Wall Street was jolted again on Monday as the Dow was on the verge of its biggest loss ever. At one point, the index was down 800 points before a late rally helped cut cut the loss in half. Still, with the Dow finishing 370 points (3.6%) lower for the day there was no celebrating going on. The Dow closed below 10,000 for the first time since 2004 and ended the session at 9,955.

Just how bad was it? The advance/decline was 200 to 3,000. The drop below 10,000 was something we were expecting but the Dow cut through that level like a hot knife on butter, trading to a low of 9,525. The Nasdaq was hit the hardest as it dropped 84 points, or 4.34%, to 1,862. The S&P 500 gave up 42 points, or 3.9%, and closed at 1,056.

The signs have been there and although the $700 billion bailout package got approved, it has done little to help the market. The real number is not the $700 billion…it’s the $1 trillion paper loss for the market. That’s what yesterday’s loss wound up being. Add that to the $1.5 trillion from last week and you got a loss of more than 3x the bailout package. Good grief.

This whole thing is a mess and investors aren’t buying it. Countless number of people are giving up on the market and staying in cash. Everybody is looking at their retirement and 401K’s and seeing massive losses across the board. There is one thing I’d like to point out here. With 401K’s you get what you put into it. And that means managing your 401K. There are ways to protect your 401K through market meldowns. Most plans allow you to move money around on a daily basis and instead of being in the riskier funds, move your money into the “safer” funds. There aren’t many options to “short” your 401K (which sucks) but you can still protect yourself.

If you have an IRA and you manage the money yourself then learn how to short the market. Look, when people are panicking and the market is in a freefall, everybody runs for the exit. Most of the time playing the market often means going against the herd. Well, right now the herd is turning into a stampede which means we are getting close to capitulation.

We have been playing the downside for a couple of months now. In early September, I went out on a limb and played out a scenerio on how the market could act. I mentioned September and October were lousy months and looking back on things it has been the perfect storm.

From September 3:

“September is historically a “not so good” month for the market and October follows. And we all know that some of the biggest market crashes, ever, have happened in October. Anyone remember October 19, 1987, other wise known as “Black Monday”? That was the day the Dow fell over 500 points, or 22%, to finish at 1,739. A crash of that magnitude would be like a 2,500 point drop for today’s Dow. That seems a little far fetched, huh? Now, I’m not saying that the market is going to crash or that we are going much higher from here but it’s important to step back and analize things.”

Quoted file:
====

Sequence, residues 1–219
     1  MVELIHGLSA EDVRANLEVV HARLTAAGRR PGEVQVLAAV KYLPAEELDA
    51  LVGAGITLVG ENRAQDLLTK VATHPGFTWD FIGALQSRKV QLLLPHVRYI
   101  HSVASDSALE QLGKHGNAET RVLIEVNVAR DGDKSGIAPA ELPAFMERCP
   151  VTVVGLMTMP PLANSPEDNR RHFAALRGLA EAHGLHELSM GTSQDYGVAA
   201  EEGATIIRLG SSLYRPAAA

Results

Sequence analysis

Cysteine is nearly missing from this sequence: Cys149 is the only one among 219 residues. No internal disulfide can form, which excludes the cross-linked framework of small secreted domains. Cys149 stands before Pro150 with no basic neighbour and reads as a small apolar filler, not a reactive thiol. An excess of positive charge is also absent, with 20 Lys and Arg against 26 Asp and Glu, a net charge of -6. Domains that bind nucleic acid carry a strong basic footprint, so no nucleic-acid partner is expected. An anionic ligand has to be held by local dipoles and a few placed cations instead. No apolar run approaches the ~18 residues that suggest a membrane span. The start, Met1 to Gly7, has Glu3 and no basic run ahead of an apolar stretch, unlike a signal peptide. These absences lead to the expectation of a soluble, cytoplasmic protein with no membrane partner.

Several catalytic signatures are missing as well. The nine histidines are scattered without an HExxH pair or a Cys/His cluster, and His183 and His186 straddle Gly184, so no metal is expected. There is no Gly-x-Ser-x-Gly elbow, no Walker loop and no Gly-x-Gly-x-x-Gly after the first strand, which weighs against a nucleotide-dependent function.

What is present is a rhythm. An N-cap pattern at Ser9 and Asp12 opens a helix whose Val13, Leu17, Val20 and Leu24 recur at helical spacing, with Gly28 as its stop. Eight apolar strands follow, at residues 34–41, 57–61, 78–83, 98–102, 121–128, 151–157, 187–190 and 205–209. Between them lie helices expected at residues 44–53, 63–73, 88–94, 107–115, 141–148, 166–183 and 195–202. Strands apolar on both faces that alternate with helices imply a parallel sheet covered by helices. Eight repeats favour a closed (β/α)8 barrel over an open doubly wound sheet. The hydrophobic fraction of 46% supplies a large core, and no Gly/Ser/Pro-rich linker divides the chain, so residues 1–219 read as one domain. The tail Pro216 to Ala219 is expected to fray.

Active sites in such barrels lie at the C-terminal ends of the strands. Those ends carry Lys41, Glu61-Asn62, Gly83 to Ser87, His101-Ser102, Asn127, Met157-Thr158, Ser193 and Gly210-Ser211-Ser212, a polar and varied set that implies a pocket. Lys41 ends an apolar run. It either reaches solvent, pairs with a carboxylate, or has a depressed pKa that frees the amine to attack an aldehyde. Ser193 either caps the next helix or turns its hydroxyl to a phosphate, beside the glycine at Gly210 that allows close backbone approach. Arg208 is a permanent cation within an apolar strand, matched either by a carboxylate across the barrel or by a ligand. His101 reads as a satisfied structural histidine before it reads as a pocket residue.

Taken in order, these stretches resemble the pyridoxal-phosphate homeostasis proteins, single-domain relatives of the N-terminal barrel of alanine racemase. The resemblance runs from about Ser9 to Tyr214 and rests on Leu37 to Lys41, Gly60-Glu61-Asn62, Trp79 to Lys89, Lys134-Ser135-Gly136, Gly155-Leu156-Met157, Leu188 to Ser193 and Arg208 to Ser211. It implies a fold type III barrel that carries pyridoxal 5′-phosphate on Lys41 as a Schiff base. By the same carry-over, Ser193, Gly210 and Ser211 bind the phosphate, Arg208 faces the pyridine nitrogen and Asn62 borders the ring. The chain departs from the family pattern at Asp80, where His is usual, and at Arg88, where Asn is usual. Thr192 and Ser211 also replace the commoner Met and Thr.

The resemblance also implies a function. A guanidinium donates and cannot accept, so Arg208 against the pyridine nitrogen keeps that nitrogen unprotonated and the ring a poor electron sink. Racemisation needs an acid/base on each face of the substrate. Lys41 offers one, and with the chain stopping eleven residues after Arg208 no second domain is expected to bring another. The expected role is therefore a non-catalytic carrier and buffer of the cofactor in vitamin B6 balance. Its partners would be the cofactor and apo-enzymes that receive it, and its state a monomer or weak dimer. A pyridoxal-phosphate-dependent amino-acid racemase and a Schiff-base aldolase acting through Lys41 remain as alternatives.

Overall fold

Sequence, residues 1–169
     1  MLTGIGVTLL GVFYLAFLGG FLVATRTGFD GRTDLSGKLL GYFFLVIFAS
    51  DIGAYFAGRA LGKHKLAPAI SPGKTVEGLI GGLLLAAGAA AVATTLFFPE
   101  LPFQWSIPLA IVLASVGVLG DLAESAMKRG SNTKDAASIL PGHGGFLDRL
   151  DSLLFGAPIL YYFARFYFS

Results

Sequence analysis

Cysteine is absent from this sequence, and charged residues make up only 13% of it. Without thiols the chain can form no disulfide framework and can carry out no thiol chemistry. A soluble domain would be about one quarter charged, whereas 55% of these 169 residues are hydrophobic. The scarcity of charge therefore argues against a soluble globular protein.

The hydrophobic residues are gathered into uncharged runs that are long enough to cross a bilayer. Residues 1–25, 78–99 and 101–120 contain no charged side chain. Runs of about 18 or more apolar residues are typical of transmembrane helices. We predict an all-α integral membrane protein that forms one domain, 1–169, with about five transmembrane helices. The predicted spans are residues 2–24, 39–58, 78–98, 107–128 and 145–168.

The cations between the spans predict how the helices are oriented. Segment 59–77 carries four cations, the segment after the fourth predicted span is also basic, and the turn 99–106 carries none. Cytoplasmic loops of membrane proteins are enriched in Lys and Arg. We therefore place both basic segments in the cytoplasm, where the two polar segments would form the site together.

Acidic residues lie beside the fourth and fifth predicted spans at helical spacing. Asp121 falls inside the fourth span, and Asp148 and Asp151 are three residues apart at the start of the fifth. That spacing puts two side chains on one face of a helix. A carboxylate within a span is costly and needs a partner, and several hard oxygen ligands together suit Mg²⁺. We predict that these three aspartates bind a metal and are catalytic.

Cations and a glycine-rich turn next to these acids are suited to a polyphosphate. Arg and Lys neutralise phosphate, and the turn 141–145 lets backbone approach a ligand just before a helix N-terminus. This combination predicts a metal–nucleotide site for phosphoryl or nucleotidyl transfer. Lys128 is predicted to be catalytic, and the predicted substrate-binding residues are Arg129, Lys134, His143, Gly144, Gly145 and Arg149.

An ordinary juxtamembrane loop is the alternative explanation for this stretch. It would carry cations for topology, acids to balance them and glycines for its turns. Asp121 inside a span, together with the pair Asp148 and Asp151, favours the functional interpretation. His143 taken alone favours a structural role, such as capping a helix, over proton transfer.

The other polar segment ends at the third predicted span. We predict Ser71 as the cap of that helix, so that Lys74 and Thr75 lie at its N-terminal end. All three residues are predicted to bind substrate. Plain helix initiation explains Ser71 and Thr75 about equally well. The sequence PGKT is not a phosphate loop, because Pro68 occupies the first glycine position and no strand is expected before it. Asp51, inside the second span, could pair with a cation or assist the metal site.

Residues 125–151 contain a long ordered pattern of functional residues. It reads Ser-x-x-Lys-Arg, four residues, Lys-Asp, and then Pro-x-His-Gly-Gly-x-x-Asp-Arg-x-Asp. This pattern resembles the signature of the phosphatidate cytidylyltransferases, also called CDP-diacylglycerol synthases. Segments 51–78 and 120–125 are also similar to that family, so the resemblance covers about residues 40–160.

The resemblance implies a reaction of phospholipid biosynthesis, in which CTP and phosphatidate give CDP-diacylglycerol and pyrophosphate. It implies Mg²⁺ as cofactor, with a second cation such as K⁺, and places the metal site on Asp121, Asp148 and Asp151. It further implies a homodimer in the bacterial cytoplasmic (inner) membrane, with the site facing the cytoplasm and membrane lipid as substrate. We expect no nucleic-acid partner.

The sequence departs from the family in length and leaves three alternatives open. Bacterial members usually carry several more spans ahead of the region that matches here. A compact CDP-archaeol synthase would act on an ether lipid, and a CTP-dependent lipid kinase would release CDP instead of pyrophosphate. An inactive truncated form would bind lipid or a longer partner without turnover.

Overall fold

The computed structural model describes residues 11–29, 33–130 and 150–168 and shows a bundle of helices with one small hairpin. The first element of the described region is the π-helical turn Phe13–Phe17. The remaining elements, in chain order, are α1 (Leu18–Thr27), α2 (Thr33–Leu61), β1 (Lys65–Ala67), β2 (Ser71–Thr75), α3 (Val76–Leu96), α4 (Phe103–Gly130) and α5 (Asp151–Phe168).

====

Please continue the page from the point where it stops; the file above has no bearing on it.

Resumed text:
From September 10th:

“The September 45 puts (QQQUS, $2.25, down $0.35) are down 13% but were profiled at $1.73) and traded at $2.60 earlier this morning. The October 45 puts (QQQVS, $2.78, down $0.19) were at $2.27 and have hit a high of $3.00. I just wanted to point this out because they have posted some decent returns. I feel comfortable holding them but selling half right now might not be a bad idea if the risks are too great for you.”

The September 45 puts have since expired but the October 45 puts (QQQVS) closed yesterday at $11! That’s nearly a 300% return in this market mayhem. And did you see how we rolled the September puts into the October put options?

I only bring these excerpts up because I want you to learn the market so so bad. Still, we have found room to play both call and put options based on the volatility we’ve been witnessing. It’s a trader’s market and that is what is making things so interesting for us right now.

In our options courses here at OptionsMentoring.com, we teach a lot of technical analysis, how to protect yourself from the market downturn and make some money at the same time. If you want to trade the S&P 500, we can show you how to do that too. Don’t panic when others are running for the hills. Do yourself a favor and learn the market. You can start by clicking here.

Okay, I’m off the soapbox now and I thought it would be a good time to mention what we do here at OptionsMentoring.com. Back to the market…

The VIX (^VIX, 52.05, up 6.91) was up another 15% yesterday and hit a high of 58. The market started to cut its losses after there was word that the Federal Reserve was going to step in but as you can see, the VIX was close to 60 like I’ve been predicting. I only repeat myself so that you’ll know what the maket is doing, how it is reacting and what you can do to prepare for these types of events. Let’s look at some more numbers.

Prior to 2003, there was the old VIX which was born in 1993 and tracks the S&P 100. That index is known as the VXO (OEX Volatility Index) and it also hit multi-year highs. That index hit a high of 66 and closed at 59.50, also a 15% jump. Now here is where it could get scary.

The old VIX hit 150 briefly during the crash of 1987. That was the bottom then and while I don’t think it can get that bad again, I’m not ruling anything out. There’s no quick fix for the market and earnings are going to have to be stellar to pull the market out of this funk. However, let’s watch for the “snap-back” rallies and if and when they do come, we will try and take advantage of them again.

Rick Rouse